New Mexican Governor Arcadia Alvarado believes that she’s been abducted by aliens and that “we are being invaded.” After a strange encounter reminiscent of the “lost time” phenomena (a legendary alien abduction phenomena popularized on The X-Files) Arcadia has strange dreams which drive her to the conclusion that aliens are among us, and not of the illegal kind.
Paul Cornell’s (Action Comics, Demon Knights) first foray into the world of comics’ best imprint, DC Comics’ Vertigo, is as sci-fi charged as it is politically charged, and the combination of the two themes is not only welcome, it’s brilliant. Gov. Alvarado of New Mexico just might become the “first female, divorced, (and) Hispanic president.” As her consulting opposition (Republican) party advisor states she is “not the alien, (rather) the epitome. When she reveals to her advisors after her presidential bid announcement that “I was abducted by aliens” and “We’re being invaded” will they believe her or think she’s lost her mind?
As Mike Carey recently confirmed on a recent Comic Book Bin podcast, Paul Cornell is a brilliant writer who is ripe for an appearance as a writer for one of Vertigo’s newest and most high profile new ongoing series. The way that Cornell sets up the potential allegorical conflict between “aliens” and political and illegal aliens, as a social issue that has been occupying a large chunk of the political and social discourse in The United States over the past few years, is packed with the potential for some serious exploration of the issue. Like the majority of Cornell’s work for DC Comics, Saucer Country looks like it will be another solid outing from one of DC Comics’ most solid writers. In fact,I fully believe that Saucer Country will soon be the newest “must read” from a long line of “must reads” from Vertigo.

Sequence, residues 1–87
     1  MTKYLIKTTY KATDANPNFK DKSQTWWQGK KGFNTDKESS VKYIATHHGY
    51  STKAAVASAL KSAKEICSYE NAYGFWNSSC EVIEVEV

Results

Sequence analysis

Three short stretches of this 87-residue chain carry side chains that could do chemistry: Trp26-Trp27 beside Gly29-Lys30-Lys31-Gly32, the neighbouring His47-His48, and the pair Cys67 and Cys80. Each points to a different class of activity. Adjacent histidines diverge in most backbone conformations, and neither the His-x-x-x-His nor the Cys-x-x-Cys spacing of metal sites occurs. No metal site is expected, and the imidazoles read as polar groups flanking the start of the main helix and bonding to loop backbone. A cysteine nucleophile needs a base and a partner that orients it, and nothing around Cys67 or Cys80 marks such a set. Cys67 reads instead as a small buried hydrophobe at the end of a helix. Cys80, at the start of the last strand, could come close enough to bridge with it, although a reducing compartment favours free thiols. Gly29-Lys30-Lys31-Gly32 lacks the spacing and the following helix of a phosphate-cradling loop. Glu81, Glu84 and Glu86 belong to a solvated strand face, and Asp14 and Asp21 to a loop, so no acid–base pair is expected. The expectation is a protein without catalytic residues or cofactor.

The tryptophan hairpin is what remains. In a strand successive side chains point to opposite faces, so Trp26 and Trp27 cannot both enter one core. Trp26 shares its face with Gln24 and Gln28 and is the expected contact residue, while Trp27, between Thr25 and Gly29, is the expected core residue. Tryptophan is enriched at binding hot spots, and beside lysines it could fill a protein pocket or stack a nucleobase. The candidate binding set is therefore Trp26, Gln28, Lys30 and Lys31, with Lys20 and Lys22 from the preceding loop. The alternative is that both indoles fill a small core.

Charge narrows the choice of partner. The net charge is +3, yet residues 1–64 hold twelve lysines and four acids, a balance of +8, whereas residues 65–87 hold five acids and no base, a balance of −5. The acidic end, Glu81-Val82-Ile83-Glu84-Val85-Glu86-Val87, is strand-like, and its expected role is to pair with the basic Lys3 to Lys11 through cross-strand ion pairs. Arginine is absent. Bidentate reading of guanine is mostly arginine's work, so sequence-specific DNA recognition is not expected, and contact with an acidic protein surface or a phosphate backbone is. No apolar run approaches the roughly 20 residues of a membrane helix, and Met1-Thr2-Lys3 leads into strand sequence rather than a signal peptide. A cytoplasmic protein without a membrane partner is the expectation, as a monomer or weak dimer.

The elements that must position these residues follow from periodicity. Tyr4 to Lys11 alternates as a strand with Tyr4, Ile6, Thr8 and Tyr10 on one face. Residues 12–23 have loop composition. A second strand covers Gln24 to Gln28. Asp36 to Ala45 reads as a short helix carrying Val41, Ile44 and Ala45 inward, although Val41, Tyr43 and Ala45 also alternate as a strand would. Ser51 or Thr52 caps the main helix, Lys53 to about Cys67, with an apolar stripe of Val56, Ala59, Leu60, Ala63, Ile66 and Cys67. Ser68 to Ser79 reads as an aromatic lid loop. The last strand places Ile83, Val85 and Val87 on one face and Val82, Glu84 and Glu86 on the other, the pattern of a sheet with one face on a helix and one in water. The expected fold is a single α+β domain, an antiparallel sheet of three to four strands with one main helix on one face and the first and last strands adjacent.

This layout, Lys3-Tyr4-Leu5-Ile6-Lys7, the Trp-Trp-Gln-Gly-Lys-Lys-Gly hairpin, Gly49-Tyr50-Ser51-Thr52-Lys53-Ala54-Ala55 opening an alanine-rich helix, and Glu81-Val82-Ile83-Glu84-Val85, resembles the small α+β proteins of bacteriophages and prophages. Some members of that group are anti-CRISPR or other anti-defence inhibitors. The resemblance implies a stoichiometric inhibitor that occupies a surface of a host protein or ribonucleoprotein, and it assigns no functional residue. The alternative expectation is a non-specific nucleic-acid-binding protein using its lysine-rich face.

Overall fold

Series artist Ryan Kelly captures the landscape of the American Southwest, as well as the necessary psychological and horror-like aspects necessary to reveal the unique premise of Saucer Country. Ethnically diverse characters (including some possibly inter-galactically diverse characters) are captured effortlessly. He also does an excellent job with background detail, something that you at first wouldn’t think would be as important to a comic with this type of subject matter.
In short, if you like intelligent and well thought out intrigue tinged with the kind of atmospheric dread that pervaded the aforementioned X-Files, Saucer Country is for you, and soon it just might be for everybody.